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Legendary artist Rob Liefeld. who many love to hate and hate to love.

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Bob the Angry Flower creator cartoonist, Stephen Notley!

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Back at the DC booth..Brenden Fletcher, Cameron Stewart, and Babs Tarr; the current creative team on Batgirl.

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Artist Tony Parker and writer Paul Cornell, creative duo of the new series This Damned Band! I did an awesome interview with them, of which I will share in the near future on SW!

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Stan Sakai, legendary cartoon artist/writer/inker/creator of Usagi Yojimbo! We also had a talk, of which I will share soon.

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Chris Burnham, a new favorite artist of mine and all around cool dude. Notable works include Batman Incorporated and Nameless.

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Art Thibert, awesome artist and inker being chill in the Artist Alley..

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Samantha Newark, voice actor of Jem form the original Jem cartoon. Was also the voice of the first female Transformer and love interest for Optimus Prime, Elita-One.

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Eric Shanowar on the left (not sure who is on the right), enjoying some hot dogs.

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Stanley Lau, also known as Artgerm, shares in his world of art and digital work..

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Another legendary artist, Steve Lieber..

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Fight Club and other works writer, Chuck Palahniuk

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Adam Warren (Empowered), working on a Shanna the She-Devil sketch. We also had an awesome interview, to be shared in the near future!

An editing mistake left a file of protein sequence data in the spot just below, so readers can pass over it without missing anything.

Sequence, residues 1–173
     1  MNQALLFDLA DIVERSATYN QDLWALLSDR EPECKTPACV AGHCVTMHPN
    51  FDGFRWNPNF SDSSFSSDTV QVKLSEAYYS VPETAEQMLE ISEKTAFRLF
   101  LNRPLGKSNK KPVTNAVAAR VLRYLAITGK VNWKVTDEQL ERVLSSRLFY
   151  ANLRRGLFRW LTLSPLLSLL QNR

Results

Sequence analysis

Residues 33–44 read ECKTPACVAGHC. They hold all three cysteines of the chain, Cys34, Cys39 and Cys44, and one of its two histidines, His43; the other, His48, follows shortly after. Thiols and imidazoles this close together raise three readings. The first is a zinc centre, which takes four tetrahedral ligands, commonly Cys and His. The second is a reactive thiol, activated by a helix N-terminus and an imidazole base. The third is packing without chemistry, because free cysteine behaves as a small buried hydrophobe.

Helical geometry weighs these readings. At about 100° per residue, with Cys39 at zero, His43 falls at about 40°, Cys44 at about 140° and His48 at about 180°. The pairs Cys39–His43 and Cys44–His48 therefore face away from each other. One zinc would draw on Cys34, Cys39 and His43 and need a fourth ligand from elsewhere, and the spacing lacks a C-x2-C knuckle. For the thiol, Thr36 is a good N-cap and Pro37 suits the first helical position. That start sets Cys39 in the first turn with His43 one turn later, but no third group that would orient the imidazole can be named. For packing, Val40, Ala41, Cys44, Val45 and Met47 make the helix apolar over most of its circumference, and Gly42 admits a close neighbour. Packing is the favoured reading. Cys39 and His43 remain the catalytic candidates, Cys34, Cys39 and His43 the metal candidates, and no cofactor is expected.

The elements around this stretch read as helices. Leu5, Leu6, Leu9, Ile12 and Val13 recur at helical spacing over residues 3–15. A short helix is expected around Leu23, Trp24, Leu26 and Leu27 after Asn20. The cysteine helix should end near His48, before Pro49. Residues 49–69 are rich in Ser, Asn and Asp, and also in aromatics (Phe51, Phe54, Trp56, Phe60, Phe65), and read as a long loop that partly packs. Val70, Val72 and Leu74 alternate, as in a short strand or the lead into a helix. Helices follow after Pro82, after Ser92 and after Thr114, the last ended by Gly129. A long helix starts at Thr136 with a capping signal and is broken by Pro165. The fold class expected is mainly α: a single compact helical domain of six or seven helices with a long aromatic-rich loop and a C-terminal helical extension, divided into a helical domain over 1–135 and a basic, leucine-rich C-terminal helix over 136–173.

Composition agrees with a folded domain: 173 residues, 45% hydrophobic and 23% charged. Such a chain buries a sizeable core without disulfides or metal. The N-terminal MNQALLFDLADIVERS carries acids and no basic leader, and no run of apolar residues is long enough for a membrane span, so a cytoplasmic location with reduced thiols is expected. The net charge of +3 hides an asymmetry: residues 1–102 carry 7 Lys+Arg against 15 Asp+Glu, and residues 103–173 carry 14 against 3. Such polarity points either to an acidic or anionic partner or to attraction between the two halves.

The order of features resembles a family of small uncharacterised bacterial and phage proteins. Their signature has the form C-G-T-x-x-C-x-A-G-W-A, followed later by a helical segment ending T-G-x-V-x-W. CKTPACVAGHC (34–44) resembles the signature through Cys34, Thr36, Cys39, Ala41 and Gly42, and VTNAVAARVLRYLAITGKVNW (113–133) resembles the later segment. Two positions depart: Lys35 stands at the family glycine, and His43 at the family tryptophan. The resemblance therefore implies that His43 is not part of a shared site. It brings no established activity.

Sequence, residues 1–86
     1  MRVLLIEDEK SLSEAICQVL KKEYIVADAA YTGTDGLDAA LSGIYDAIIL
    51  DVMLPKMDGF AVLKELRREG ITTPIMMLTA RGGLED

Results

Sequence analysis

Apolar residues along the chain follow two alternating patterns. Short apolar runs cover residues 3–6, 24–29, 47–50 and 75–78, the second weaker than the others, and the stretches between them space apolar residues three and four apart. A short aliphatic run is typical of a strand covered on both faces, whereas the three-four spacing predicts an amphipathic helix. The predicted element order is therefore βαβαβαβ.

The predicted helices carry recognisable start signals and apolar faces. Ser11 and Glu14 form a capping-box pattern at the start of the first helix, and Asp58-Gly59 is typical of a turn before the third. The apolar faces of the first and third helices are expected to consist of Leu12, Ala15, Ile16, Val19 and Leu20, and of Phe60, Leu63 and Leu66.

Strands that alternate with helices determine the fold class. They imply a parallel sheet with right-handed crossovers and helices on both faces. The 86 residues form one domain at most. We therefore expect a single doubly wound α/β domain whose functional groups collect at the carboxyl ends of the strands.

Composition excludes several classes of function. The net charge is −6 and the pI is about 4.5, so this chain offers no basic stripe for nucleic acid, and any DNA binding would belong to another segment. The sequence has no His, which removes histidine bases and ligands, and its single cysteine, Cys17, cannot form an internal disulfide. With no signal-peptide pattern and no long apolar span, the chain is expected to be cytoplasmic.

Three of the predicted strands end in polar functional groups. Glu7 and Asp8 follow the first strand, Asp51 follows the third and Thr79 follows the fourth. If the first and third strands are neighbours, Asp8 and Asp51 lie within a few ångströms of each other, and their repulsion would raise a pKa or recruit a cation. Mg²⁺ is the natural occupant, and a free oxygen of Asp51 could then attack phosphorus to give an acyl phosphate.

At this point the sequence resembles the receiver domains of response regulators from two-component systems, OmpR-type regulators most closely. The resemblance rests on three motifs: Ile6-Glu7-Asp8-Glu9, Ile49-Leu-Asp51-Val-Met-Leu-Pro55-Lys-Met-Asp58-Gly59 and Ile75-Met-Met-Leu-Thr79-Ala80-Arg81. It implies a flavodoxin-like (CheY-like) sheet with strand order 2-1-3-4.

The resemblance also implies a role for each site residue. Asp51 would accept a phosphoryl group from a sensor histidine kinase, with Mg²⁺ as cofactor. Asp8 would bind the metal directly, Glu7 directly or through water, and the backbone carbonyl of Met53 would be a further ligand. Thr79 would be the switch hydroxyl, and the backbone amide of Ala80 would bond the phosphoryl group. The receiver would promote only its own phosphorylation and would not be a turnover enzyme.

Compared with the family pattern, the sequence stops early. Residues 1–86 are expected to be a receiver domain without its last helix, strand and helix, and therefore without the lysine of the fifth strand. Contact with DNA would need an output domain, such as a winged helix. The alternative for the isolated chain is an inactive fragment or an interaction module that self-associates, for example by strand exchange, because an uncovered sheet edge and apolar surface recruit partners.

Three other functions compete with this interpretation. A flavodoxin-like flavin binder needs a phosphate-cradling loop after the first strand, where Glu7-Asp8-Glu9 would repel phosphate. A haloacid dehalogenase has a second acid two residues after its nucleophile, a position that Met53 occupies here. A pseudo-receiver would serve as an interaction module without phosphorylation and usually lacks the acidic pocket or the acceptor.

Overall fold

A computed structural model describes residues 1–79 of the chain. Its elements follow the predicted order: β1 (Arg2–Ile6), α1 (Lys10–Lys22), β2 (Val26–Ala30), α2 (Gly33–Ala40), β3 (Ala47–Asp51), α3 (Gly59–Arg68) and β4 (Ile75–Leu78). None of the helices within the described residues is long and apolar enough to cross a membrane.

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A self promoter, name unknown. One cool Count costume, ah ah!

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William Shatner, promoting his new digital comic series Man O War.

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Image Comics: Where Creators Own Aesthetics panel with Rob Guillory (Chew), Jamie McKelvie (The Wicked + The Divine), Stuart Moore (EGOs), Lee Loughridge (Deadly Class), Scott Snyder (Wytches), and Joshua Williamson (Nailbiter). I learned from this entertaining panel, I should really read Nailbiter.

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Batman (current series) team..with Scott Snyder, Greg Capullo, Danny Miki

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Grant Morrison, at his own panel discussing much on DC’s past and future of Multiversity. His time with us was a blast, as he let loose and shared much insight on his way of thinking and writing.

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Cosplayers, of which I will feature more in my next posting, Part 3!

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– Orion T